The Mason City Globe-Gazette from Mason City, Iowa on December 5, 1933 · Page 21
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December 5, 1933

The Mason City Globe-Gazette from Mason City, Iowa · Page 21

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Mason City, Iowa
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Tuesday, December 5, 1933
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Page 21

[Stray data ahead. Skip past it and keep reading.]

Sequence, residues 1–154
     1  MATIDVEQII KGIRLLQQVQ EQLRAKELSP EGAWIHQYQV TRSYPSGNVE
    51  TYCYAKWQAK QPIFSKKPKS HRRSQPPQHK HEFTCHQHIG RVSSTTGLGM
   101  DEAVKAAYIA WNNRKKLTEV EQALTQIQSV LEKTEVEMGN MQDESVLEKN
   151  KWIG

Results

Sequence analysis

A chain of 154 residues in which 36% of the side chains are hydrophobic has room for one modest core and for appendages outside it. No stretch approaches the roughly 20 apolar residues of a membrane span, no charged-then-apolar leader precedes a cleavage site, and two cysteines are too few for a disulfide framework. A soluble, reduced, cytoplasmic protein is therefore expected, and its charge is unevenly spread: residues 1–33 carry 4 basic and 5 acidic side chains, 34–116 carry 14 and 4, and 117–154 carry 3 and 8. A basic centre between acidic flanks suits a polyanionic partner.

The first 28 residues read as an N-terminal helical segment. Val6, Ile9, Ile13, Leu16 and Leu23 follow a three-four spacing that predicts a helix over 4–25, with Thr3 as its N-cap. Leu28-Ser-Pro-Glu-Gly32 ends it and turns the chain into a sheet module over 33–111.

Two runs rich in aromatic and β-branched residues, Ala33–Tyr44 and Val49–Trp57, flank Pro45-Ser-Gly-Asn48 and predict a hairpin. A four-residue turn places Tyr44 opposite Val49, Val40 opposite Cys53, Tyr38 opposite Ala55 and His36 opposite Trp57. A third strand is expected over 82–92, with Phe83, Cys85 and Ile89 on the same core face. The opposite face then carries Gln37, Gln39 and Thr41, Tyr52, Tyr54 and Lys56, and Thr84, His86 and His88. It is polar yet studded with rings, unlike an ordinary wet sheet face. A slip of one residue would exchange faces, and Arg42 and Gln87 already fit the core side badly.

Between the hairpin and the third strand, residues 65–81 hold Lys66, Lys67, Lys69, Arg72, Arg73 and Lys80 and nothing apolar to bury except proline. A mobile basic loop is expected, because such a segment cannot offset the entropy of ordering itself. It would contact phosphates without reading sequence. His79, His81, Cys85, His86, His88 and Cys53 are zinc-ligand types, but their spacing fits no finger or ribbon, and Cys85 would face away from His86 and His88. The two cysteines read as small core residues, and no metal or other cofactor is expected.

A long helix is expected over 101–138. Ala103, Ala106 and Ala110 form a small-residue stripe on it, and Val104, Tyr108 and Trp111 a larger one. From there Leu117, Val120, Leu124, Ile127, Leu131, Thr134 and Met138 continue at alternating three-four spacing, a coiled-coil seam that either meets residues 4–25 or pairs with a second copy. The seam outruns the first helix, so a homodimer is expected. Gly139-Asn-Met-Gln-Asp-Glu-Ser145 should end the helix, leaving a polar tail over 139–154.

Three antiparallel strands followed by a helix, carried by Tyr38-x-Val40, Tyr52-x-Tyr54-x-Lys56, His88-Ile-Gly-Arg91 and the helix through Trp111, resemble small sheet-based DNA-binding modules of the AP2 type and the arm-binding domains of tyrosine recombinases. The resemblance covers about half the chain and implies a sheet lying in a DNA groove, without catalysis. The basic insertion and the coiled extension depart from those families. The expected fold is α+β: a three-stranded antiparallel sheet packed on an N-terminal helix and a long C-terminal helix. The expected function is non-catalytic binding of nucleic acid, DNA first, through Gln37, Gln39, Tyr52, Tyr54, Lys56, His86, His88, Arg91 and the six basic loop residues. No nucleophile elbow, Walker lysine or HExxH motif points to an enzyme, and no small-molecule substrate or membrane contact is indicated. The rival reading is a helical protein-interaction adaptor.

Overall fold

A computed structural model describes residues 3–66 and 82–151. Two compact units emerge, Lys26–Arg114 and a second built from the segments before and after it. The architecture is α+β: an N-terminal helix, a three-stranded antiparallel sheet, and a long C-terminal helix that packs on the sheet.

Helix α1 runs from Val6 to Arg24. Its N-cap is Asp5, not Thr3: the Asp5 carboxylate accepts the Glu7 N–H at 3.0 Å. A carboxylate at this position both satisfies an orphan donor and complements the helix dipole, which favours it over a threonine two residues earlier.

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TUESDAY, DECEMBER 5, 1933 MASON CITY GLOBE-GAZETTE THE OLD HOME TOWN By STANLEY") MAREHAl- CTTEY WALKS!* To OAV F=OUNt OUT WHV BUTCHER BUOPP AUt.OVJfi{ HIS BoY TO HITCH-HIKES ABOITT THS COUNTTVr THg PAST TWO «HV4 t ttJT la t*.-«-«» THE LOVE WAGER By EDNA ROBB WEBSTER CHAPTER 81. | Lizetta waa not quite sure what she had done to Stuart, yet. Perhaps he waa only fascinated. And that was not enough. She wanted more, oh! much more. She wanted Stuart's love--or nothing at all. If t ehe permitted his moods and the \ glamor of this night and the ro- 9 mantle atmosphere of this old city i to convince him that he loved her before he was sure of himself, she would lose everything that was precious to her, eventually. And she could not bear that! If she once glimpsed that paradise, it would be worse than death to be baniahed from it. She, too, yearned for his declaration of love in these matchless surroundings, but some vague inner fenr warned her to turn away this time and deny herself that exquisite joy. It was as if a gentle warning promised her, "If you will wait a little longer, the joy will be more complete. He Is still puzzled over his attraction to you. Mystify him longer. Hold him from you, so that he will desire you more. Only that will make him sure. Do not repulse ! bim, do 'not make .him aware that you hold him away. Be clever, but gentie. J - - ··'- - ' · · · - *·"···:'- .So her reason argued. .But, ah! reason la such a slow and stupid thing when romance urges and the heart speeds a wild race with the senses, That coveted goal ia just ahead--tantalizing love and lasting security. Senses lag and the heart leaps forward with new energy, stimulated by the pressure of strong arms and firm, hot lips. How can reason win in a race against such odds? » o * Across the city, in the patio of a A four-ceutury-old dwelling, with its ,- outer rooms and windows securely barred and bolted, Pedro smiled with white-toothed pleasure at his host. They conversed In rapid Spanish, with violent gesticulations. "I understand, now, my friend, why the jewels were found in my house. It is well--muy bien. Only the wan leetle regret I have. It concerns a lady--a very kind lady." He shook his head soberly. "Of course. All regrets and all problems in a. man's life, concern a lady," laughed his companion. "Always, she is man's tormentor and his joy. But you must forget all regrets this time. There will be other ladles--always other ladies--but only this one chance for fortune and freedom. Those will buy you plenty more ladies." "Sho was not my lady, understand," Pedro contradicted sternly. "She was my very good friend-and good friends they cannot be purchased even with great fortune. Ladies--yes, but not friends." The other laughed raucously and refilled their glasses from a bottle of habenero, "Come, drink and be merry. You should be happy that I rescued you from that hole of a place over there and gave you a chance at this great opportunity. It happened to be a mistake, but that was when luck smiled upon you. Forget the friendship stuff and keep to business, or you will regret it." His lest words were menacing in tone, and his swarthy face had lost itg amusement. Pedro agreed readily. "Si, si, it is better as you say, my friend. Perhaps it was a piece oE luck for me that you hid the jewels in the wrong house." + s * And in other parts of that city of widely diversified times, places and peoples, Marion had managed to escape with Count Dlavinl from the chaperonage of the party, and they were speeding In n taxicab to liis apartment on the Prado. It was only a short distance, and they were noon standing before the high grilled gates of a stone-columned three- story structure which faced the wide brilliant boulevard. The count produced a key which grated in the iron lock, and the gates swung open into a wide court. Marion felt as if she were heing carried awsy by a prince of the mid- le ages, to his fortified castle--and Diced it. How adventurous and how romantic! All their lives, little girls had such fi'.iry tales read to them and given them to read, until their Jnodern lives became drab exist- ences to them, by comparison. They were permitted to dream of such dangerous romance and thrill to Its maglnatlon, cut if not chanced to experience such adventures or go in quest of them--it waa quite a different kind of a story. Fairy tales had no place in real life. Very well, Marion decided, if other girls wished to be frightened by the adventures of romance, they were welcome to a stupid existence --she would take all the excitement which came hsr way. Why, the princesses of fairy tales even dared to fall in love with ugly beasts, to prove what good sporta they were-for that was what it amounted to, in modern terms--and even beasta turned out miraculously to be the most desirable princes in disguise. Compared with those girls, she was taking no chance at all, for Count Diavini was very much, a gentleman, without disguise. So Marion thought. They ascended broad marble stairs, railed with delicate wrought iron, at the top of which her host unlocked another pair of gates that were lower in height. "Heavens, you do keep yourself well protected!" Marion exclaimed, "how do you remember which keys *o use and where you keep them?" "It is easy to get in," he jested, "to get out is the difficulty, once you are in.-" "You frighten me, when you show your teeth." Her black head was flung back and rested in the high ermine collar of her wrap, as she laughed up into his dark face. "Then you don't wish to enter my castle?" His hand rested on the door handle, waiting. "Of course, I do. Do you suppose I would turn away at the very gate? I ad on." He flung the doors wide and Marion stood on the threshold agape at the beauty which she beheld. Moorish palace of the Alhambra could not have rivaled its splendor. Mosaic floors, rich tapestries and luxurious furnishings filled a vast room which continued on with vista through a pretentious colonnade into the most beautiful patio that Marion ever had seen. It waa a veritable parsrtise of tropical flowers and trees festooned with flower-laden vines, playing fountains and handsome appointments. Marion, who was not easily impressed by any degree of beauty or splendor, gasped with pleasure, "why, I never saw such a beautiful place in all my life!" "You like it?" he inquired humbly, and led the way inside. At his offer of assistance, she let her wrap slip into his hands and crossed the room toward the patio. He busied himself with mixing drinks from the ingredients on a table of Inlaid mosaic. Marlon's wnlte satin gown trailed back over the gleaming floors as she joined him. "How should you like a home like this one, on a very much larger scale? One in which the rooms were almost numberless and gardens rambled over hillsides? This, my dear, Is but a small sample of my real castles in Spain. I have tried to duplicate here a very little part of that one, so that I shall not be too homesick while I must rein Ha- main here." "But why do you stay vana?" "Business--that slave-driver all men. Even sons of noble families must give a thought to business enterprise these days. My interests are here, but my heart remains In Spain where I shall be one again." "Oh--your princess is waiting for you?" Some of her eagerness had vanished. "But no--did I say--·" puzzled. "You said your heart was in Spain." "Oh, yes--that ia where I long to be. But if you wish, I shall bring my heart to you here until we can return there together." His arm had slipped about her and his face was very close to hers. She could feel his quickened breath on her cheek. (TO BE CONTINUED.) Jimmy-On-The-Spot. N E W Y O R K /T--When N e w York Un Ivc rsi ty s tu dents h c1 d ablg pep meeting the night prior to their annual fi-ame with Fordhm, *o THAT'S NNH/XT SOT t COGUS HEXJS.R F \v«S THE. VONO OP WERE .RAM A.C«O=,S .WST VSWAT \_OOKVVJG AN PVECE. TvVKT VJA-S YES BETH, RE.AUW ewn VWOOD . HERE \Hvtw voyn. AU_ EMERVTVAVV1S TO A, GOOO \(»OUKJ. OUST \_\SXEVJ -co tvus Towe.* Ambition Realized '··* ' ' , ~ I ·---'--· i* r rt *«J Copyright, 1938, by Central coon- Con'T fPrtT OV)E« fW ;5HGT VoG'rte High Pressure Pete ·SHOP -^S Lost--One Customer 1033, by Ctntnl Pm» AMOclaUon. Inc. y^y : OOO..D! A. GRA.ND Frank KemwelTs Schooldays HE THOSE Surte. SMP SOMT= MICE THINGS Good News BnrtL Standish WELU, HoW you Muggs McGinnis Best Teacher! By Wally Bishop . 'ourtouo -'THERE'S THA-TprtOUE AGftIN .' SURE,? I'LL. QE -faERe .' G'MME tlME" " MH GIRU FRIEND VJAurS ro'SEETXS SO t GOTTA Het-to,"HEU.O.' "JSS.I'M TOE FIRS: DEPAO-TMSNT." ISE^." DID YOU TRH T ·fHROYilNG VJAT6IZ.OH ir ? VlEU- HOV4 e A TIRE, re n- ? OKAS - KEEP Naur*. -IVL BE ox EP, 1 Mow's A f.cNC IN HIS EARS ·Joined ·ike. , Showing Her a Hot Time By Pad Robinson THE TJUTTS By YOUNG BRICK BRADFORD By William Ritt and Clarence Gray, not a single member of the Violets Jimmy Crowley of Fordham was on -TUEJJE IS THE WHITE. MAIDEN THE. IUCA FOIZ HIS hand and made the biggest hit of the evenlnr with his talk. Negotiations between YES, DADDY-' GOODUlGHT. State government and Peadsr Kearney of Dublin, for a settlement of his claim for copyright in the Free State National Anthem, "A Soldier's Song," may soon result in a cash payment to Kearney. It is reported BUD WAS FACE. TRYW6- To 5AVE 1H£ O)-p \f -r? A DA.TE that the governmnet will pay him NUMSKUU, -- I F E E U THOUGH SOMEONE ME -- SIEZE. QUICKLY.'. DEAR- NOAH~ MX TAME DOCK. IS SICK., SHOULD C3UACW: DEAR NOAH =» DOES O03i HAVK. » HAVB EVER. SHOT AT TUB RAIN AMt MIST?